De Nysschen: Cadillac ATS & CTS "Will Disappear", XTS "Will Not Be Replaced", Cadillac Will Exit Livery Market
In just a few years these nameplates will disappear from Cadillac showrooms
It got a little buried in the rush of news out of the New York Auto Show, but GMInsideNews reports that at the private introduction of the Cadillac CT6 last week, the night before the NYIAS media preview, Cadillac head Johan de Nysschen confirmed that the existence of the CT6 flagship will make the current XTS large sedan superfluous. That seems to have been a foregone conclusion, but somewhat surprisingly de Nysschen also said that when the time comes to replace the CTS and ATS models, not only will those nameplates die as the brand moves to the CTx nomenclature, the new cars won’t be direct replacements. De Nysschen also announced that with the exit of the XTS, Cadillac will be leaving the livery business.
It’s rumored that both of the smaller sedans will be somewhat downsized, positioning what will presumably be called the CT2 against the compact Mercedes-Benz CLA while the CTS’ replacement, the CT4, will move slightly downmarket to give more room for the CT6, while leaving space above that car for something range topping should Cadillac truly dare greatly and build something like the Elmiraj or Ciel concepts.
Concerning Cadillac’s bread and butter sedans, GMInsideNews quotes de Nysschen as saying, “As we move into the future refining our sedan portfolio, there will be no direct successor to the CTS. There will be no direct successor to the ATS. There is no point to renaming those cars because in the future those cars will disappear.”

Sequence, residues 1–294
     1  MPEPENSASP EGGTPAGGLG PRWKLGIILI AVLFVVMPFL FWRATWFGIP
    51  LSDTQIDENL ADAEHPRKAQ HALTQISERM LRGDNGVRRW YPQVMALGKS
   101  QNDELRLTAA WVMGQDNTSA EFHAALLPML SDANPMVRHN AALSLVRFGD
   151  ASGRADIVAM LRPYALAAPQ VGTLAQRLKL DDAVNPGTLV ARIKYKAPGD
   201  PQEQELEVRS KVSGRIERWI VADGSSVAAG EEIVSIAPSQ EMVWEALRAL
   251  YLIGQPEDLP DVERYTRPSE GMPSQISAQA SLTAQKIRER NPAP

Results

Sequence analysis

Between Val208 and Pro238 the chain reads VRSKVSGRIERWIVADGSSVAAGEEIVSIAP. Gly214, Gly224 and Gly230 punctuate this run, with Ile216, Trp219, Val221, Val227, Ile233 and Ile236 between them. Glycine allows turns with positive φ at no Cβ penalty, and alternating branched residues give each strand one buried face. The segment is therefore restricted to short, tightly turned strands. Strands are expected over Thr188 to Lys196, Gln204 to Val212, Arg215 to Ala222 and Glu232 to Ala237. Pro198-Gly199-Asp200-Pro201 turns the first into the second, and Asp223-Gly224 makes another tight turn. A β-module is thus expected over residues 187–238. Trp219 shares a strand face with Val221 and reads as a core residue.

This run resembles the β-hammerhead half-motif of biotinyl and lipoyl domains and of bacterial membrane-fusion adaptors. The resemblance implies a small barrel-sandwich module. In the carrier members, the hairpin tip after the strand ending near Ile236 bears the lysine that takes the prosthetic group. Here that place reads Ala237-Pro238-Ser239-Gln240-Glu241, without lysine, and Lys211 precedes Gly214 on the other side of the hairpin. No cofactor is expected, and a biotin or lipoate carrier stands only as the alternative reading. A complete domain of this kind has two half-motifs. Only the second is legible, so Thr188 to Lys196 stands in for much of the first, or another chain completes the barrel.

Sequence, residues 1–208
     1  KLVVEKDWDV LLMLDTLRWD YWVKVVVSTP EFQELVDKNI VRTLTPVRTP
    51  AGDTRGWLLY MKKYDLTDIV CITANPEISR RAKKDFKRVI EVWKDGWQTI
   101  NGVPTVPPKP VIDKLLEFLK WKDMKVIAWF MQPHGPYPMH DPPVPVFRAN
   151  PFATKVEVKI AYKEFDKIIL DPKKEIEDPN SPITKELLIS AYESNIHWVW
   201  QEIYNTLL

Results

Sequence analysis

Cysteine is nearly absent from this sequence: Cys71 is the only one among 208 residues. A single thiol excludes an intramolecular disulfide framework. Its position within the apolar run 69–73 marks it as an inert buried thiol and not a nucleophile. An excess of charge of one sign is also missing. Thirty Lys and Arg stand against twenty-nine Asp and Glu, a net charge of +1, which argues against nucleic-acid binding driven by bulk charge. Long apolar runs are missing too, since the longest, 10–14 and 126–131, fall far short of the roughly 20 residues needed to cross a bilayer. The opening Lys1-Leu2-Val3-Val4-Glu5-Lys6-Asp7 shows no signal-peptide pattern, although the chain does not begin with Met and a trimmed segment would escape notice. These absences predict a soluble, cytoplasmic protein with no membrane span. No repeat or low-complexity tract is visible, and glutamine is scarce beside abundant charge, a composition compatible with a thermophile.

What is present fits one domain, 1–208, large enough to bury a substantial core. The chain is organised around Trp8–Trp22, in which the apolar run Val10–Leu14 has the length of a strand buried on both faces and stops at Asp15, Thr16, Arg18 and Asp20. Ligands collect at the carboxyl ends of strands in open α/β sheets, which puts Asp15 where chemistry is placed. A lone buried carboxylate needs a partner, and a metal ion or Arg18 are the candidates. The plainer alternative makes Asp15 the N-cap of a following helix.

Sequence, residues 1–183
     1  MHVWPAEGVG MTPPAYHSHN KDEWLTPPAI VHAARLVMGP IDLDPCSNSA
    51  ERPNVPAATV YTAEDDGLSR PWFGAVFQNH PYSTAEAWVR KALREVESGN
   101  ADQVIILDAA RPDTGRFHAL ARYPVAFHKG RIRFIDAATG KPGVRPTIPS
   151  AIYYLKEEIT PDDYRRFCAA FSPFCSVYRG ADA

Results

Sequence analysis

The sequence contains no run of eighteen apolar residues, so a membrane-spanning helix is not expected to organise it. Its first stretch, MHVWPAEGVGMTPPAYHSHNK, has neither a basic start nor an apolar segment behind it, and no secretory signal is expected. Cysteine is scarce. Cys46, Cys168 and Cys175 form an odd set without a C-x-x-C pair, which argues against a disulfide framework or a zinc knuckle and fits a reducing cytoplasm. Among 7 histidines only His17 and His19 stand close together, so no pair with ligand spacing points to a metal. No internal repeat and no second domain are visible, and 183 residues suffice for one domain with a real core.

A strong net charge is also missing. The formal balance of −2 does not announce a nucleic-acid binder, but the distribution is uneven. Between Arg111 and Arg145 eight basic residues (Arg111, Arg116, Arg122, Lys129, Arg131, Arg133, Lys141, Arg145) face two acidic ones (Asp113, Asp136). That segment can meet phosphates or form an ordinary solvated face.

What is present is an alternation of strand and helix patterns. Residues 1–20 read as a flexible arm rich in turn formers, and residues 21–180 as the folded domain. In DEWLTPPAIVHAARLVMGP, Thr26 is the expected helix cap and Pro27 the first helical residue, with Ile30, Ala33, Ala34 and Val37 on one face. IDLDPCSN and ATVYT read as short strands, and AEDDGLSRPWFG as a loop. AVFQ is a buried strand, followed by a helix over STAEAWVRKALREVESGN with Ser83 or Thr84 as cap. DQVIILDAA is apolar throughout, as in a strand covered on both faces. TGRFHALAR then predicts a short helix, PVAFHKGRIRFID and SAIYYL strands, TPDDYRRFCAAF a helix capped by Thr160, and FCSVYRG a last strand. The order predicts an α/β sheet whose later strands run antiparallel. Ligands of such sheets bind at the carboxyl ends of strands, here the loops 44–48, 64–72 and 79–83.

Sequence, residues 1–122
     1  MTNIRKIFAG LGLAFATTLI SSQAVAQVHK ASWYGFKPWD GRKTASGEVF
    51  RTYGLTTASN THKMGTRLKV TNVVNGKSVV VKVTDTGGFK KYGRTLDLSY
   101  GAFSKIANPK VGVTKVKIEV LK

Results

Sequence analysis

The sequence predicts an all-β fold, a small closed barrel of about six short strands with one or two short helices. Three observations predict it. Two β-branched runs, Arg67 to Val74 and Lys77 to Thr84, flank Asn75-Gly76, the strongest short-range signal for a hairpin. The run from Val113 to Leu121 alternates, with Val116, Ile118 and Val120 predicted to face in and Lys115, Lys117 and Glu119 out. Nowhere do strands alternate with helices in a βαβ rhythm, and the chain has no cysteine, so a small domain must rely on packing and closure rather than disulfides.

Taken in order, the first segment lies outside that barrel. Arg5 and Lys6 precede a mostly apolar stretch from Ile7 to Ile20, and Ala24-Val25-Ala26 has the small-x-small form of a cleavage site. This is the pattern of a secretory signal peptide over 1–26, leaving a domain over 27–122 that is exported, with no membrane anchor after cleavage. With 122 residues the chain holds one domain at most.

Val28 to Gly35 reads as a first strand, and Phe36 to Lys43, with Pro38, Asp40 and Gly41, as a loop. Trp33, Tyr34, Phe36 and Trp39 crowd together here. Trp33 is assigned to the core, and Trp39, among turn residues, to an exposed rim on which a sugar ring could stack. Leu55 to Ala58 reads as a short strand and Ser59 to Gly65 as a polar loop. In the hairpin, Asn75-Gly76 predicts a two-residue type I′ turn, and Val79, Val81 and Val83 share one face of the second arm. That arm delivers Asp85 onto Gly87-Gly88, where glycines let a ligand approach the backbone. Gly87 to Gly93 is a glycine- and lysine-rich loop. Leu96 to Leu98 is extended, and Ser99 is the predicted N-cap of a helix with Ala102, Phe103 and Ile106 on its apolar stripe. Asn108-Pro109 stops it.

Also disappearing from Cadillac’s lineup will be the XTS. Based on a platform that compromised both proportions and interior space, many saw the XTS as a stopgap product to give the brand something upmarket from the CTS. Assuming a normal product lifecycle, the XTS would likely have been replaced for the 2019 model year, but de Nysschen said that’s not going to happen. “Ultimately, a car like XTS when it reaches the end of its lifecycle, will not be replaced.”
Since the XTS is the only car in Cadillac’s current lineup that has the size and construction suitable for coachbuilders to convert to hearse and limousine use, when it goes out of production, Cadillac will likely stop serving that market.
I’ve written about how automakers supply the livery business and it’s not just a matter of making a car that’s the right size and shape. Both GM and Ford have certification processes to make sure that the conversion companies that they supply are capable of maintaining the structural integrity of their finished products and I have to presume that making sure the car’s architecture is up to the task is part of the process as well. My guess is that the new CT6’s architecture, which combines aluminum and high strength steel, cannot be cut up and stretched the way the XTS’ steel unibody can be modified. “We will not have a car that will lend itself to these kind of modifications and we will probably withdrawal from those markets,” de Nysschen told GMInsideNews.
Ronnie Schreiber edits Cars In Depth, a realistic perspective on cars & car culture and the original 3D car site. If you found this post worthwhile, you can get a parallax view at Cars In Depth. If the 3D thing freaks you out, don’t worry, all the photo and video players in use at the site have mono options. Thanks for reading – RJS
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Damn, American car companies have trouble committing to the same brand strategy for 4 minutes. How is this supposed to help them carve their own niche from the German? Silly.